24 March 2011

I just watched an episode of a television series in which two characters were trapped in the Antarctic.  A rescue mission was being sent from a base some fifty miles away, and soon we see the rescuers arriving to save them.  Amazingly enough, with the rescuers arrive the characters who had contacted them, who somehow had made it from Colorado to the Antarctic in the same amount of time as the people who had come from fifty miles away.

There is most definitely a dearth of creativity in the world of entertainment these days, and since most of us are exposed to that world very often, we're constantly being exposed to pretty lame excuses for creativity.  Movies that otherwise are pretty good end with stupid shooting scenes in which the heroes aren't hit by a single bullet even though thirty men are shooting at them--but they kill all thirty of the other guys.  Someone who's a college professor gets involved in a chase with criminals or the police, and somehow navigates the crowded streets of a major city better than a race car driver could.  People who are otherwise intelligent walk stupidly into situations--or dark rooms--even though they know someone else just got killed there.

I guess this isn't really such a big deal, but I think it does affect us in negative ways.  It's kind of like being desensitized to violence--since we see so much of this poorly made stuff that's supposed to be creative and artistic, we start to believe that this stuff really is creative.  But it's not--it's simply poorly trained people trying to give audiences what they think they want, which really ends up being stuff that's already been seen in other movies or on other TV shows, or that's already been read in other books or stories.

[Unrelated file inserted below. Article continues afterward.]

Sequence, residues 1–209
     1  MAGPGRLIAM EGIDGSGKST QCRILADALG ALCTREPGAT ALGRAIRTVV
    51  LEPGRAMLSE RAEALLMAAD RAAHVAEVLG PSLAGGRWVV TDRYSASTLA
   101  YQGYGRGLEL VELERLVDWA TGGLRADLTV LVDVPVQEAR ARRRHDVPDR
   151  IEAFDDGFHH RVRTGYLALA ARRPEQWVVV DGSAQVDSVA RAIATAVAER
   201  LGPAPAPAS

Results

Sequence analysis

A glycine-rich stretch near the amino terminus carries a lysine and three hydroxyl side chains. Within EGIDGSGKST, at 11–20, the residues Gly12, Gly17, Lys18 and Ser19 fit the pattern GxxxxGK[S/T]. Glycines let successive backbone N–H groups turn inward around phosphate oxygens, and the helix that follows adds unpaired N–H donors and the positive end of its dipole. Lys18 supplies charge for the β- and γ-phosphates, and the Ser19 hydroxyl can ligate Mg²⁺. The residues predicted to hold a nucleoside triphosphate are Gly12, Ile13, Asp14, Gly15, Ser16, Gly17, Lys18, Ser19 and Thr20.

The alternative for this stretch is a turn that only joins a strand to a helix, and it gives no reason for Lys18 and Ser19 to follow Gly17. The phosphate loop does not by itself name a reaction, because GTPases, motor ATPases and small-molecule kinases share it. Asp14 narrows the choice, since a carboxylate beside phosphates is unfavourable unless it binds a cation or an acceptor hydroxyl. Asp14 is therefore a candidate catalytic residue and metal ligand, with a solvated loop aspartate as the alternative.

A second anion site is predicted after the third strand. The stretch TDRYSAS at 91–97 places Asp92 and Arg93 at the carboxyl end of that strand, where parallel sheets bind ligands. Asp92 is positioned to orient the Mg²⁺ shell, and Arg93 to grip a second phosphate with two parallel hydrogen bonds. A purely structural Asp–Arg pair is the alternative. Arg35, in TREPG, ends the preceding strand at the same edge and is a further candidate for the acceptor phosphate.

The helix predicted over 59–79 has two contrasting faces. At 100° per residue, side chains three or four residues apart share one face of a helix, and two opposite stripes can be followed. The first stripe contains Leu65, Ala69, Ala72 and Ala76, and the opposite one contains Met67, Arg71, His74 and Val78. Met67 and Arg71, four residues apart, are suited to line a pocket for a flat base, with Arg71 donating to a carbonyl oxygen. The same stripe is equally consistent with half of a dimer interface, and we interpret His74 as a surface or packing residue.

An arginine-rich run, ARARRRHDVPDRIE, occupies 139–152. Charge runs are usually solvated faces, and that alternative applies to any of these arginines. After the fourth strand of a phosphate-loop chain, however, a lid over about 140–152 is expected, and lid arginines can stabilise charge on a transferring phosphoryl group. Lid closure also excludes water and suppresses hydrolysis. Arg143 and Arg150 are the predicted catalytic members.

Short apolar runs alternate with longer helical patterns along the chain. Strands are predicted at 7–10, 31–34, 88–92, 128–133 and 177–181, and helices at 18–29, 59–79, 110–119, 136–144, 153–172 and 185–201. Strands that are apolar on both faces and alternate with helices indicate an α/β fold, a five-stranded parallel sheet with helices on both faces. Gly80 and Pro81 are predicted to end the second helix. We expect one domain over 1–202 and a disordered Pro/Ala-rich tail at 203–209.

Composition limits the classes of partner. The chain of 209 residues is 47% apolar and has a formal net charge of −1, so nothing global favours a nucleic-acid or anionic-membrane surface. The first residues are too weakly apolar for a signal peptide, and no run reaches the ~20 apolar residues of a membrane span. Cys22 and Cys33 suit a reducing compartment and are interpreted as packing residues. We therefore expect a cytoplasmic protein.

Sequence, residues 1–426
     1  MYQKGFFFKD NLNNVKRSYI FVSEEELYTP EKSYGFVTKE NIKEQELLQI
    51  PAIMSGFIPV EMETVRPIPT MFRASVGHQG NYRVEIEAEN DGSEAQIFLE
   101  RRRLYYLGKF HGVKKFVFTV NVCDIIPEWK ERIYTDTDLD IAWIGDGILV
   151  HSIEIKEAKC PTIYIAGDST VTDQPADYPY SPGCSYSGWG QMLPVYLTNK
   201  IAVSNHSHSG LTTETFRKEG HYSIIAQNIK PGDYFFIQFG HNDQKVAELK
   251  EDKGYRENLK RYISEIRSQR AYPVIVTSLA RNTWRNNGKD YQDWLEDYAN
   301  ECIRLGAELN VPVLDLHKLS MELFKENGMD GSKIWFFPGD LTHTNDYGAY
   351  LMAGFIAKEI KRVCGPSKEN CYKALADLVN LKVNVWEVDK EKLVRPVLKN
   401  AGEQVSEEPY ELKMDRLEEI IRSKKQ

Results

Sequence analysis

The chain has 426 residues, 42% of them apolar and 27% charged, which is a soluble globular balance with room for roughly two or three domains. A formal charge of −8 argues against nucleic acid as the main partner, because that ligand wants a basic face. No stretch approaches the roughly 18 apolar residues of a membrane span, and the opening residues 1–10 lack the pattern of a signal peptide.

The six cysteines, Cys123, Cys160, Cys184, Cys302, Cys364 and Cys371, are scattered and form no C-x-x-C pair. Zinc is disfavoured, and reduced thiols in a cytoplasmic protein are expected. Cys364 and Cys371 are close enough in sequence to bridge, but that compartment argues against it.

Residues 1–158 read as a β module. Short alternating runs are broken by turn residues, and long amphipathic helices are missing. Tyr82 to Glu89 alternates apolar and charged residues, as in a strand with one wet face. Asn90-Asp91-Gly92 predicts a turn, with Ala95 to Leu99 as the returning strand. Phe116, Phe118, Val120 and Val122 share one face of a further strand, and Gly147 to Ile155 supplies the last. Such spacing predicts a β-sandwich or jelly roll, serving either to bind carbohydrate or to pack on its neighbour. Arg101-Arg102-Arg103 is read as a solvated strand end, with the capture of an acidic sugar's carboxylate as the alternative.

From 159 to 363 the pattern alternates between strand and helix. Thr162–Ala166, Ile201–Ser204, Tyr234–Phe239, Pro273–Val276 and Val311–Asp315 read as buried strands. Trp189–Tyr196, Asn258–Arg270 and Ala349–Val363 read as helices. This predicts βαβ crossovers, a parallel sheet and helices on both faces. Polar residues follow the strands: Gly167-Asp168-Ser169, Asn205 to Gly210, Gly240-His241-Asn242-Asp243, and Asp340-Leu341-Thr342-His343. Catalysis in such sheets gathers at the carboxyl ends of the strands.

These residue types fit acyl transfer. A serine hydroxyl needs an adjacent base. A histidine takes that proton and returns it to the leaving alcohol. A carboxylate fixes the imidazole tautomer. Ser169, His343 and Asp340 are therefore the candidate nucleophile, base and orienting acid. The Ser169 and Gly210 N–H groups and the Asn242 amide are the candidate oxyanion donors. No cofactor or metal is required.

Creativity, though, comes from our hearts, and is not determined by what people want to see.  Our creativity is a reflection of our spirits, if we truly allow our spirits to shine through in all that we do.  Don't give your own creativity short shrift--nurture it and develop it, accept it and love it.  That way, you'll allow yourself to be creative, rather than just creating copies of things that other people already have done.  And if you ever make a decent movie, find a creative way to end it rather than depending on formulas to end the movie for you.  You'll be proud when you do, and many people will appreciate seeing something new and different--for a change.

Creativity requires the courage
to let go of certainties.

Erich Fromm

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